November 12, 2014

Macau tour 2014: still the best cellar in Asia

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Three years ago I was lucky enough to have visited what I believe to be the best wine cellar in Asia, which belongs to Hotel Lisboa.  The boys at QLI remembered my post, and during dinner last night they asked if a visit could be arranged.  Thankfully the hotel was extremely accommodating, and promptly arranged a tour for us this morning.

Initially I was rather less interested in another visit to the cellar, as I had already seen the scope and some of the gems before, but I tagged along anyway.  I would quickly realize what a good decision that was.

The collection has gotten bigger since my last visit, and now encompass more than half a million bottles with over 14,000 labels - which probably puts it among the top 3 restaurant cellars in the world and probably the largest in Asia.  They now have around 22 cellars of varying sizes spread throughout the complex - in addition to the racks placed at each of their fine dining restaurants - although only 6 of them are of considerable size.  They've built new ones and reorganized their collections, and the result was stunning.

We started with the first cellar I visited last time, but things have been moved around.  You've got some top Italians, Australians and Champagnes here, like this nice pile of Krug Clos d'Ambonnay and Clos de Mesnil.

Then we enter the inner sanctum - where the most treasured bottles are kept.  The first thing one notices is a section of old and rare Petrus and Lafite-Rothschild...  This is also where the oldest and rarest of German Trockenbeerenauslese are kept - some of which list for over USD 15,000.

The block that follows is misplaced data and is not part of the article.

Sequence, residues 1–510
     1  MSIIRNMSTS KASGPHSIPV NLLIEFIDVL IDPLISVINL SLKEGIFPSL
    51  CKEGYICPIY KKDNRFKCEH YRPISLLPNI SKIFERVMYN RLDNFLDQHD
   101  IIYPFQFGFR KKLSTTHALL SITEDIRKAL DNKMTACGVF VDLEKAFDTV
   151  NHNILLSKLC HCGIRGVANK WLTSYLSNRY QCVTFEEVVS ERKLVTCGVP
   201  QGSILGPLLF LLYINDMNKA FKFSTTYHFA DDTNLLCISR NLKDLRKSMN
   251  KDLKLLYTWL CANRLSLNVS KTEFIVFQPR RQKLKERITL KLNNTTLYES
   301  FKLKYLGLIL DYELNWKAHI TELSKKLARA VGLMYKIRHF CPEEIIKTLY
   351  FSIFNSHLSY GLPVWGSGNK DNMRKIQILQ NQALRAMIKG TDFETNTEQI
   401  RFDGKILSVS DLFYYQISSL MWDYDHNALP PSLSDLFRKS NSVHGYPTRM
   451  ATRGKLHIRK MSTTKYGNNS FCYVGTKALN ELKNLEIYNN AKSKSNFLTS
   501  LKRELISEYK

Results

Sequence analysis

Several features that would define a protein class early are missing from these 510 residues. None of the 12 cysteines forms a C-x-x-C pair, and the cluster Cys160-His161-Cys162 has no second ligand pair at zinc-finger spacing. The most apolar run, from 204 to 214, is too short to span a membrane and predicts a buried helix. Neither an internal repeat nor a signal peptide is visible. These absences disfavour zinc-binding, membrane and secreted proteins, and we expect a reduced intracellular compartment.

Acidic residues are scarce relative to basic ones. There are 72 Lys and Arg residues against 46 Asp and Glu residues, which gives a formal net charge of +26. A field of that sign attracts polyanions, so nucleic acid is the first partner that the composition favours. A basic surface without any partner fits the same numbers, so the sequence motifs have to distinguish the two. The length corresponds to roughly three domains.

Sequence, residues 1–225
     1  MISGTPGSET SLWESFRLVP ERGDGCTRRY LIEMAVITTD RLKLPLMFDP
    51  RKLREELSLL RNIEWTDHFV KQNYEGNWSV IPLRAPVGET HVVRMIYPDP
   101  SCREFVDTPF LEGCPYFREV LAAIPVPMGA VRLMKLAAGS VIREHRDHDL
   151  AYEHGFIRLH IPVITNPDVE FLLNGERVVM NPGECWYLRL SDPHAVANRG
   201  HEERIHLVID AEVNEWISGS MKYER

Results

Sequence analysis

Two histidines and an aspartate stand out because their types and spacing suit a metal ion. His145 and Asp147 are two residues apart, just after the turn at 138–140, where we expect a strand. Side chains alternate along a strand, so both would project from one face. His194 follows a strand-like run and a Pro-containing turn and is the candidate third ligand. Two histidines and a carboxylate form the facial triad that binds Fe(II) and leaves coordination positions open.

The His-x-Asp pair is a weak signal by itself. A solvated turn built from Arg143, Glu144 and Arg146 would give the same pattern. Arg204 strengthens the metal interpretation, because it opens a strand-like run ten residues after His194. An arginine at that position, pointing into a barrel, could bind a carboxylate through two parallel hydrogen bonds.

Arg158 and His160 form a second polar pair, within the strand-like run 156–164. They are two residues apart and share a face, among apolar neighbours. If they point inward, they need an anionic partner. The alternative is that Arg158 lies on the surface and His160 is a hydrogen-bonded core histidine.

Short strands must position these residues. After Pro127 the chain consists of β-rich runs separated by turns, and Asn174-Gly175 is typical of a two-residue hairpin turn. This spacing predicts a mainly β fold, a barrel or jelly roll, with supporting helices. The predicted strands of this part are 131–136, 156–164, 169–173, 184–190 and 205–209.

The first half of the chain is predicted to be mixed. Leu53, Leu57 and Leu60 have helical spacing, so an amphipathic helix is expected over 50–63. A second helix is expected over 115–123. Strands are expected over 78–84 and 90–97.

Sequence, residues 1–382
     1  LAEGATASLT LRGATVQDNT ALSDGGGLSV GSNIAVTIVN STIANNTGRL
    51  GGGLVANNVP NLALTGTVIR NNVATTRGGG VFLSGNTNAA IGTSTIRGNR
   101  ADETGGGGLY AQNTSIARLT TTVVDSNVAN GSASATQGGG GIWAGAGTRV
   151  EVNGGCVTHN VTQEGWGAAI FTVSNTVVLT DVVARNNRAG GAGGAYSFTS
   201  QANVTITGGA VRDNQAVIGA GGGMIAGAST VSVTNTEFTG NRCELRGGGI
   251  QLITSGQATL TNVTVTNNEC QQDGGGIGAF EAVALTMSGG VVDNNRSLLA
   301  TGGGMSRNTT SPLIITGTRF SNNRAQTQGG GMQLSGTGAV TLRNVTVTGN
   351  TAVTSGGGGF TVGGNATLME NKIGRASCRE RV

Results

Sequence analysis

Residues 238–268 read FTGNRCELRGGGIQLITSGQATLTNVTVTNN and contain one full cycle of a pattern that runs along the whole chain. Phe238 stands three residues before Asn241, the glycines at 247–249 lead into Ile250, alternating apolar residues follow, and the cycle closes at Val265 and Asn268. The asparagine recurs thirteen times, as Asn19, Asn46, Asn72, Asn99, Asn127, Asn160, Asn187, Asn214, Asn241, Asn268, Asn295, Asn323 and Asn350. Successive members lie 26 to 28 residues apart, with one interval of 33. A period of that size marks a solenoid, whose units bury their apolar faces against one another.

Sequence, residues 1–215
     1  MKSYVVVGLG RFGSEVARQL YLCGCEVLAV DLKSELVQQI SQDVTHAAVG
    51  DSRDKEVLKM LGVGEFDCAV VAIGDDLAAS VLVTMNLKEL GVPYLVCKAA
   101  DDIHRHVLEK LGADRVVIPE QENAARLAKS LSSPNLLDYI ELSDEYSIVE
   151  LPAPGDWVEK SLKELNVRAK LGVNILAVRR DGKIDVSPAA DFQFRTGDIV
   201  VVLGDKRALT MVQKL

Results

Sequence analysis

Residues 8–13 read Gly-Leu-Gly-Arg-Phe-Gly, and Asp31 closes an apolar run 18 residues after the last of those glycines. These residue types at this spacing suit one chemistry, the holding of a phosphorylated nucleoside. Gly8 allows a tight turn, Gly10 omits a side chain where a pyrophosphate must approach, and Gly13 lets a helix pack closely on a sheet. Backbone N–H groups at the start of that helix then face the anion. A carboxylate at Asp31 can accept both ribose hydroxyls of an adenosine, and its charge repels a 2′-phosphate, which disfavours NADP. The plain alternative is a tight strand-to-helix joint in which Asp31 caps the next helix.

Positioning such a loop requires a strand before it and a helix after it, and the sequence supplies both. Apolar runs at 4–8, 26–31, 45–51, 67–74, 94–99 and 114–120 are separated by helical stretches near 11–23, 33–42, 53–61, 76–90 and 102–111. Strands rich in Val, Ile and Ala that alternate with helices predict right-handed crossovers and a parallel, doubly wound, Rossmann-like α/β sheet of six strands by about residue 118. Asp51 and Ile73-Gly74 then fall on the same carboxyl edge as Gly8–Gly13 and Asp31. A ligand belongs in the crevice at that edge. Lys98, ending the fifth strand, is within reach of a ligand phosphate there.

This bottle of 1921 Staatlichen Weinbaudomäne Niederhäusen-Schloßböckelheim Schloßböckelheimer Kupfergrube TBA - with a nice little swaztika on the label - lists for MOP 65,000 or over USD 8,000.

They still got a not-inconsiderable collection of Henri Jayer - including the 1959 and 1962 Richebourg... and the '59 has now gone up from MOP 200,000 to 280,000 a pop.

The other treasures I saw from last time were still here - bottles like 1921 Yquem, 1961 Jaboulet La Chapelle, 1959 Romanée-Conti... Stuff that's on most wine geeks' "bucket list".

We moved on to one of the new cellars - which was seriously eye-opening in a different way.  There's a large round table in the middle of the room, which seem to be the perfect place to hold a wine tasting.  Radiating outwards are rows and rows of wine racks, and some of those racks consist entirely of wines from a single château or a domaine.  A few of these racks are easily identifiable by pictures of the architectural wine cabinets made by Viscount Linley which corresponds to the châteaux (the actual cabinets are on display at Robuchon au Dôme).

Here is the Latour and Lafite rack...

...and this rack of Yquem has a picture of the Yquem cabinet on the side.

No guesses for what's on this rack.

Finally, we were shown a third cellar which held only the Germans and US collections.  Hotel Lisboa quite possibly owns the most impressive collection of German wines anywhere on the planet - especially when it comes to high end wines like BAs and TBAs.  The listing for TBAs take up almost 50 pages of the wine list.

This led to a situation where, as one of the boys remarked, magnums of 2005 Egon Müller Scharzhofberger Riesling TBA Goldkapsel - which list for MOP 158,000 or USD 20,000 - are relegated to the "cheap section" instead of being in the room with all the treasures...

and yeah, every single box you see here holds Screagles.

That was some tour!  The people at the Lisboa probably figured they're dealing with a couple of guys who know something about wine, so we ended up with 3 people from the hotel (there were four on my last visit) following us the whole time.  No backpacks are allowed in the cellars, we were told... and if there were any bottles missing after our visit... IT WASN'T ME!

Many thanks to Mr. Lo for taking time out to show a couple of nobodies like us around...

P.S.  Later in the day we would spot these four bottles of Yquem - 1825, 1847, 1893 and 1921 - outside Robuchon au Dôme.  Three of those bottles list for a total of around MOP 419,000 or USD 52,000, while the 1847 was so valuable that no price was listed...

1 comment:

Derek Chung said...

That's a stunning collection. Probably worth a book of its own.

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